1961 Jaguar E-Type SI



  • Baujahr 
  • Automobiltyp 
  • Chassisnummer 
  • Lenkung 
  • Zustand 
  • Markenfarbe außen 
    Imperial Maroon
  • Innenfarbe 
  • Markenfarbe innen 
  • Innenausstattung 
  • Zahl der Sitze 
  • Standort
  • Außenfarbe 
  • Getriebe 
  • Antrieb 
  • Kraftstoff 


Chassis No: 860120​

A rare opportunity to own an original flat-floor, full matching numbers, factory right-hand drive, fixed-head coupe.

Car number 120 off the production line (Chassis no: 860120).
Complete restoration to the highest standard by Richards of England.
Engine, gearbox (manual) and differential rebuild by a prestigious Jaguar specialist.
Finished in the original colour ways of; imperial maroon paint over dark red Connolly Vaumol leather.



​The highly sought after “flat floor” was the earliest variation of the Jaguar E-Type 3.8 litre Coupé. Its 150 mph top speed and striking looks made it an instant classic amongst motor enthusiasts. Enzo Ferrari famously described the Jaguar E-Type as the most beautiful car in the world. Following its debut at Geneva in 1961, the E-Type was placed in the Museum of Modern Art, and it still remains there today. This car however, does not belong in a museum, it belongs on the road. Its 3.8 litre engine is capable of 265 bhp and 260 lb-ft of torque. Weighting around 500lb (227kg) less than its XK150 predecessor, the E-Type is fast off the mark and not just a pretty face.

​The Heritage certificate shows 860120 (chassis number) beginning life at Henleys of London. The date of manufacture was 18th December 1961 and first delivery was the 10th January 1962. From there the car was sold and delivered to a wealthy farmer in Ladybrand, South Africa. Mr Albie Malan was well known for his expensive taste in motor cars. He was a very successful farmer and a very capable driver. He was known to travel from his farm to Bloemfontein in record time. It’s believed that the car was then sold to the owner of Dorian Hats in Johannesburg during the 1980’s. It was seldom used during its time in Johannesburg and is believed to have been kept purely for its looks. In 1988 the car was sold and shipped to a John Lawrence in Aukland, New Zealand. From then until 2015 the car has been cherished, with many MOT and Servicing invoices still present in the cars history folder. Lastly, in October 2015 it’s understood that David Malins sold the car on behalf of John to our client.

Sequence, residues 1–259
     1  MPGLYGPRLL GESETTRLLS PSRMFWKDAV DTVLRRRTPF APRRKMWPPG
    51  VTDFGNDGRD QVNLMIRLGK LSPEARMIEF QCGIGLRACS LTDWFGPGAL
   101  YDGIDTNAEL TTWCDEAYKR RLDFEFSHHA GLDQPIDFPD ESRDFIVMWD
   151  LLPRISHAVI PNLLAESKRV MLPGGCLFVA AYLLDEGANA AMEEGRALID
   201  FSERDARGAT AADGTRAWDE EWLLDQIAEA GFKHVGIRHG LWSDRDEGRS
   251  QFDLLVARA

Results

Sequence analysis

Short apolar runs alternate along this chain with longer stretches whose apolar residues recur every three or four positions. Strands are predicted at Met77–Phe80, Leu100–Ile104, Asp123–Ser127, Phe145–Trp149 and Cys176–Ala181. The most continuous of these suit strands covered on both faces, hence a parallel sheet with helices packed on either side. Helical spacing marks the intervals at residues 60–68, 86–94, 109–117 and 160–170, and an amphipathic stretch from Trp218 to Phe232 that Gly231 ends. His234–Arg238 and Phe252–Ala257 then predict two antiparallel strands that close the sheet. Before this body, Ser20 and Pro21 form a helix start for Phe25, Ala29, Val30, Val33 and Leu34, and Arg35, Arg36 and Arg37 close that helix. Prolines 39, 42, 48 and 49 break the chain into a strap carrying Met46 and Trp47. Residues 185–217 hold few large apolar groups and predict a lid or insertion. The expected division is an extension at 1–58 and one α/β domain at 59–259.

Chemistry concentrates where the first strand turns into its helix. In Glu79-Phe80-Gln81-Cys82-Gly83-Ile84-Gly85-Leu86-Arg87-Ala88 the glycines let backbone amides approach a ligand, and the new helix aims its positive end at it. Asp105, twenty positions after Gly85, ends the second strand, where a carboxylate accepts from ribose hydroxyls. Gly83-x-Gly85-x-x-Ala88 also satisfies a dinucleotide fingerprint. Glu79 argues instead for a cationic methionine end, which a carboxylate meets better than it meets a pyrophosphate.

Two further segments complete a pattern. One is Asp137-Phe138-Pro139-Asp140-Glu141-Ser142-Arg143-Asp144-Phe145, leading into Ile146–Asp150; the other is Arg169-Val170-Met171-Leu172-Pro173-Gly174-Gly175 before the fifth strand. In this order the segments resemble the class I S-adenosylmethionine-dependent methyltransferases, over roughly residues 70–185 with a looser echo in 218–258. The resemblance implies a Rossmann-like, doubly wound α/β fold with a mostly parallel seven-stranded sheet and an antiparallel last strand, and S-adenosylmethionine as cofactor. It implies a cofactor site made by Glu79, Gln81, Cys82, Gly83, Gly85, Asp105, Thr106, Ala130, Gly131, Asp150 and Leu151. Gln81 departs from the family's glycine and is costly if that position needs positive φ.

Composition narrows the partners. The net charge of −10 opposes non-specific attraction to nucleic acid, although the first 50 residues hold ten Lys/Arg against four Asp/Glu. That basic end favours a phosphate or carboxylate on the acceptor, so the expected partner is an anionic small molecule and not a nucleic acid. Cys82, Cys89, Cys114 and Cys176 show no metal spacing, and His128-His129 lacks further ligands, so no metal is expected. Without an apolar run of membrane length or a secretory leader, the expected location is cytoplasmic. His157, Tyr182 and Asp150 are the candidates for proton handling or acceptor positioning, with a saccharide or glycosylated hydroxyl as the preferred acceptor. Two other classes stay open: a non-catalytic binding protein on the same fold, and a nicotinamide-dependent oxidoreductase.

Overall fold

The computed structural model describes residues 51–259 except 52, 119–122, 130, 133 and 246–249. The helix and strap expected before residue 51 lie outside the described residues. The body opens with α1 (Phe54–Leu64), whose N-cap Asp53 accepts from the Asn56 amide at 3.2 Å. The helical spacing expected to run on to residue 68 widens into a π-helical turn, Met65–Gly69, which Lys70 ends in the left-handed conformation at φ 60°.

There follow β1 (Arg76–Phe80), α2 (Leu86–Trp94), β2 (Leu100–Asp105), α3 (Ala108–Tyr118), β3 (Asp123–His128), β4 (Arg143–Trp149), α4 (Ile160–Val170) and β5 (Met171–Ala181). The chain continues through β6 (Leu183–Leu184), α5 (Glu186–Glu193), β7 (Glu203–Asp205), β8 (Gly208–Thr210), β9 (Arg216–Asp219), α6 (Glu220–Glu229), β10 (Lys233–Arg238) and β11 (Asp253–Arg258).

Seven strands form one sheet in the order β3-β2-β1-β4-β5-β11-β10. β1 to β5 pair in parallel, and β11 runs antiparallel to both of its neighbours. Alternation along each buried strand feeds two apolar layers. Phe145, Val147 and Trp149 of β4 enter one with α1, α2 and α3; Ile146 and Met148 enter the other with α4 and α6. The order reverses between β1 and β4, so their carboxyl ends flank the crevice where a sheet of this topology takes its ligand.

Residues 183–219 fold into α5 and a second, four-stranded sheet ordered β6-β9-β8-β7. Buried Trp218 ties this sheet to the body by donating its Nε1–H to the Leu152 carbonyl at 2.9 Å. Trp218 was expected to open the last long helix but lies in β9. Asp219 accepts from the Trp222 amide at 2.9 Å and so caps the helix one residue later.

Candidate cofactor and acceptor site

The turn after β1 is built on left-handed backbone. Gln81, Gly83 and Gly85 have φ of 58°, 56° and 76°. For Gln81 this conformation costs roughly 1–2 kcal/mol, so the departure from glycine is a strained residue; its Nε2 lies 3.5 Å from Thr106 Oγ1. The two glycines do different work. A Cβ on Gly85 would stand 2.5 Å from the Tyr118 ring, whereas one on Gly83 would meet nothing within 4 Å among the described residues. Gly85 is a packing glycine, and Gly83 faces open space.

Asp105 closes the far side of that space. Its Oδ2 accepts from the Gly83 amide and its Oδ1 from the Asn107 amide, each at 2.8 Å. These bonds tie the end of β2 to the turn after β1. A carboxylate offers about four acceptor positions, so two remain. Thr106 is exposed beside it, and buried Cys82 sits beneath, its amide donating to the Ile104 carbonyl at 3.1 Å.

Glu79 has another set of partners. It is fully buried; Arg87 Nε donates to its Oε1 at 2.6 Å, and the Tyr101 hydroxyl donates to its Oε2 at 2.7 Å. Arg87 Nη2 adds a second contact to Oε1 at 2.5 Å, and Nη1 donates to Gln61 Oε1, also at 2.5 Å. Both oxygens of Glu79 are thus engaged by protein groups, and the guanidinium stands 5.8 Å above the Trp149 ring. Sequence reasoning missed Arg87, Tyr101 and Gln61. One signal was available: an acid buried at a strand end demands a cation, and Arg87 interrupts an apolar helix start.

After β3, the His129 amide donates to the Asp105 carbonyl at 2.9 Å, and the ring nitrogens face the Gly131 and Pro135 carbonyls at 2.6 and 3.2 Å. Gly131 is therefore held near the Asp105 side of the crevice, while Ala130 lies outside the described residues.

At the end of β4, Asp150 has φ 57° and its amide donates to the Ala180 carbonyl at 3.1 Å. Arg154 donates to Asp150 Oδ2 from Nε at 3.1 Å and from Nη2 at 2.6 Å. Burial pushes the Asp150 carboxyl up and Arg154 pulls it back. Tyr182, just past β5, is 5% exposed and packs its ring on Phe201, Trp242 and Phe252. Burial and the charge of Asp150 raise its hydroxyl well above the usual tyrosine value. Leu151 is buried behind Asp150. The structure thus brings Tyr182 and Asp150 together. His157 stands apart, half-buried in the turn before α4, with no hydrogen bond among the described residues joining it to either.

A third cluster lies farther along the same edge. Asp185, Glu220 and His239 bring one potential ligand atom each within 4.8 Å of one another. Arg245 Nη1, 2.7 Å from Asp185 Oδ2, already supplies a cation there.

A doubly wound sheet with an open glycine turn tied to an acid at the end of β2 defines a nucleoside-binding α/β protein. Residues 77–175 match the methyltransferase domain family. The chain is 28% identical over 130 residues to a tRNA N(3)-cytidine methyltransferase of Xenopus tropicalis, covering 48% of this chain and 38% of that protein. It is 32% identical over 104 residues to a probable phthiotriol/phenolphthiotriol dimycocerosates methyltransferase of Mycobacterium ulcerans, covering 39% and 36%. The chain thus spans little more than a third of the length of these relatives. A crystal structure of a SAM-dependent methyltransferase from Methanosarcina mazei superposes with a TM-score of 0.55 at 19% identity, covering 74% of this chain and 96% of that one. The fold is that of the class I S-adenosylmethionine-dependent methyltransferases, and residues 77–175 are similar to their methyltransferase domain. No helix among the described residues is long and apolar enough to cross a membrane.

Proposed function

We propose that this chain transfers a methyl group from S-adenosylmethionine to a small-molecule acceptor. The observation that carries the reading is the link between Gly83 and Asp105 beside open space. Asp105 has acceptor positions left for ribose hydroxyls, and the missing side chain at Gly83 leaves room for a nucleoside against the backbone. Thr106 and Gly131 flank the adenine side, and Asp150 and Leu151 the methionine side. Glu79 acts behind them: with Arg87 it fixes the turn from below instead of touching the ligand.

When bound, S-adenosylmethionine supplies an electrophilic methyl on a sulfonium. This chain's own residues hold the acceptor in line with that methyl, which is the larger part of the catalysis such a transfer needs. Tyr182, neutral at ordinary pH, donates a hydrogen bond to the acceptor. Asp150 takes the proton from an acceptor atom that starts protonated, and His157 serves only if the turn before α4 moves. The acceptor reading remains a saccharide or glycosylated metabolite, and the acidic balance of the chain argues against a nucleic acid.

It was at this point that our client commissioned chassis number ‘860120’ to undergo a complete restoration. From the chassis to the smallest component, everything on the car has been brought back to life with care and attention.


​The engine was stripped down, along with the differential and original Moss gearbox, before being rebuilt by a renowned Jaguar specialist. Following soda blasting, any corrosive sections were removed and any required panels replaced, all carried out within our fabrication shop. This process saw over 500 hours of work being put into the body shell alone. Much of the original metal work on the Jaguar was retained using traditional techniques, including being lead loaded and filed. The car was painted in its original colour (imperial maroon) within our state-of-the-art paint shop. A light texture black finish was applied to the underside of the body shell to complete to process.

​Following this the car had a complete mechanical rebuild to the underside, suspension, brakes, axle/differential & engine bay. At Richards of England we put extra time and effort into smaller details to ensure a truly authentic finish. Details such as, colour matching the ‘dark/mid blue’ Girling shock absorbers, found only on early flat-floor Jaguars. We also introduced an exact replica of the early ‘side fin’ radiator, but manufactured in aluminium to help with cooling. This has been painted black, in-keeping with its correct period colour. The independent rear suspension (IRS) has been assembled in house and was dry fitted initially, allowing us to determine the correct tolerances and for the shims to be fitted. This is an essential process to the E-type. The ‘cage’ and required running gear components have been ‘wet painted’ in a Selemix satin black finish, along with a ‘colour matched’ silver to mimic the now obsolete ‘cadmium plating’. This finish carries much more quality than the popular ‘powder coating’, along with being thinner and more hard wearing. Therefore, showing off the casting marks and batch numbers of the components, which is a nice detail.

​The interior was re-trimmed using Connolly Vaumol VM893 Luxan hide (maroon) with vinide (vinyl) being fitted to all other trim panels. Correct wool carpets and a traditional wool head lining were cut by hand, before being fitted. The original bucket seats were repaired and painted prior to the trim being carried out. Along with the original ‘polka dot’ centre console, having been lightly restored to carry patina. To finish this stunning and iconic interior, the original steering was fitted. This showed some light splits and expected ‘wear & tear’, which were repaired and restored to a beautiful lustre finish.

​Thank you for taking the time to read 860120’s story. We’d like to welcome you the opportunity to purchase this fully restored flat-floor coupe, of which, very few have ever been brought to sale. Please contact us today on 01522 685476 to find out more and book a test drive.